“The dominant problem with parenting in our society isn’t permissiveness, but fear of permissiveness.”
This idea put forward by Alfie Kohn in his book “Unconditional Parenting” is as valid now as it was when he wrote it in the early 2000’s. He warns against the dangers of over-controlling and punishment. Fear or permissiveness holds us back from passing on skills and values to our children and fails to teach children self-discipline.
Parents say “I am worried it’s not real discipline unless I give a consequence or punishment when my child misbehaves.” There are lots of reasons why parents fear being seen as permissive. Parents want to avoid looking weak and giving out a strong punishment is appealing to those who want to look like they are in charge. It’s easy to see why parents feel the need to do this. Parents are constantly being judged at the school gates and in the media. The trap of controlling our children too much is easy to fall into when we are concerned about the opinions of others – who wouldn’t want to avoid this sort of judgment? It takes a thoughtful and brave person to resist this pressure and to take the opportunity to focus on how to to help children reflect and make good choices instead.
Two common examples when we become more controlling are when time is scarce and when we are in public. Studies show that parents are stricter in these situations.
Morning time pressure drives us to react in ways that seek to control.We are tested by the smallest of slip-ups. Slowness which would normally go unnoticed on a Sunday at 11am, is perceived as a deliberate lack of cooperation. We sit waiting with the car running, already late by five minutes. We hear that someone has forgotten their maths sheets and we can say things we bitterly regret. Our reactions not only fail to teach our children how to manage in that moment when they have made a mistake, we also fail to help them improve and find ways to avoid it next time.
Another problem with a reactive approach is that it weakens the relationship with our children. Next time they may not even tell us about their problem. This is an unhelpful result when we want to encourage communication lines to stay open with our children, especially when they are moving into adolescence.
Fear of being a permissive parent makes us worry that if we don’t impose a consequence or punishment that we will have the same problem the next time or it will grow into an even bigger one. Instead of dealing with what is happening in the “now” our fear of what will happen in the future also causes us to react.
Fear tells us that our children will not learn how to work within deadlines and that our “soft” approach will set them up to fail. When our child misbehaves we surely have to impose a punishment to “teach them a lesson”. The only thing we are teaching with this cycle of punishment is that we aren’t the person to help guide our children to solve their own problems. The lesson kids are more likely to be learning is that they feel incompetent and that we have abandoned them when they feel bad about themselves and need of our help for ways to improve. Controlling parents become trapped in a cycle of punishment and misbehaviour which doesn’t help the child move forward.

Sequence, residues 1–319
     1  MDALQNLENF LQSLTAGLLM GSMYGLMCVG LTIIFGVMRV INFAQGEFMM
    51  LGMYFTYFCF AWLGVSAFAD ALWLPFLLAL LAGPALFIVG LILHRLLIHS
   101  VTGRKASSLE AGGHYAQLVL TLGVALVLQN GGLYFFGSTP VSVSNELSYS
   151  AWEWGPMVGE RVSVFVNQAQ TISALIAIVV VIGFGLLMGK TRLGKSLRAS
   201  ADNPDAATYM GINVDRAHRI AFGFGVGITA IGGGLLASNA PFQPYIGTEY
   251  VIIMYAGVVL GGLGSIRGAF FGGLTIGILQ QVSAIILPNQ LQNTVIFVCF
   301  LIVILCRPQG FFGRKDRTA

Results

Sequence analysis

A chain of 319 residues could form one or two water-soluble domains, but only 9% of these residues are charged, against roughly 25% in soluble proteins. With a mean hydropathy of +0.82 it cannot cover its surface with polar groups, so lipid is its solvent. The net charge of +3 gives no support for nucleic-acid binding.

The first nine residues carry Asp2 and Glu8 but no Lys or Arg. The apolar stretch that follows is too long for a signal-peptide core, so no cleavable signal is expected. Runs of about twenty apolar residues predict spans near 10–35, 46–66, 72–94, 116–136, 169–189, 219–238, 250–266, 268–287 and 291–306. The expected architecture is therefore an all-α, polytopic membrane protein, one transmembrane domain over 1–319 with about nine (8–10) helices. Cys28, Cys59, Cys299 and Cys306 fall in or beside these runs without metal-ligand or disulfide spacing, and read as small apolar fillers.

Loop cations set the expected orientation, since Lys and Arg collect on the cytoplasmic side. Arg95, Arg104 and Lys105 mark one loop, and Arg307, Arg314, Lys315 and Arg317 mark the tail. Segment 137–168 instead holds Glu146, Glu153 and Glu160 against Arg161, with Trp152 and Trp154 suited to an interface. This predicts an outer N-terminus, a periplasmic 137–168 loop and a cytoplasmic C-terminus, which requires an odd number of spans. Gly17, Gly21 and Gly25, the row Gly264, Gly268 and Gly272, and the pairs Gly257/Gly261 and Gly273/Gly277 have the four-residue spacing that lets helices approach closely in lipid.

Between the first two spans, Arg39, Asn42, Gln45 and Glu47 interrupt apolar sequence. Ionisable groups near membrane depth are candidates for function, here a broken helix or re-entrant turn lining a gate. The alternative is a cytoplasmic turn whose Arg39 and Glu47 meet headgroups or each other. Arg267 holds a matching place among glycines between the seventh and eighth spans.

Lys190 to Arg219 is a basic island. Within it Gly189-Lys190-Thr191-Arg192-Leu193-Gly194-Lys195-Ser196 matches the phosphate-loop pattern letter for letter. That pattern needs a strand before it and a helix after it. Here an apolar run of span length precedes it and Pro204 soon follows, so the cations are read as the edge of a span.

Being a calm parent in the moment when our child has made a mistake is not permissive parenting. Even when we are running late we can choose to respond in a measured way. That’s the mark of a parent who is really in charge. It’s not easy to do this when things have not turned out the way we would like. We can choose to show empathy as well as being firm about how to set up ways to remember the maths sheets. By focusing our energy on keeping the relationship going and getting our child to think of how things could go better next time we can avoid the reactive trap. If the goal is to teach our child how to avoid this happening next time then we stand more chance of achieving that by asking them to think of solutions to problems:
“What could we do to make things easier for you with the maths sheets.”
“What could your strategy be?”
The big challenge for all of us is to follow up. When the dust has settled and we have a quiet moment at a later point in the day we can write a reminder. This is another chance to show we are the parent who is truly in charge, quietly and calmly, showing up. We also need to prioritise a conversation about how things could have gone better. This step is worth umpteen recriminations in the moment. We can influence the most forgetful child to take responsibility and make sure that they are on track by setting themselves a reminder to make sure the maths sheets are packed. Like us, they are human and you can be sure they will forget the reminder a few times before they are really in the habit of remembering. We’re going to keep on showing up making sure they are moving towards being more self-reliant. We’ve got their back. All day, every day…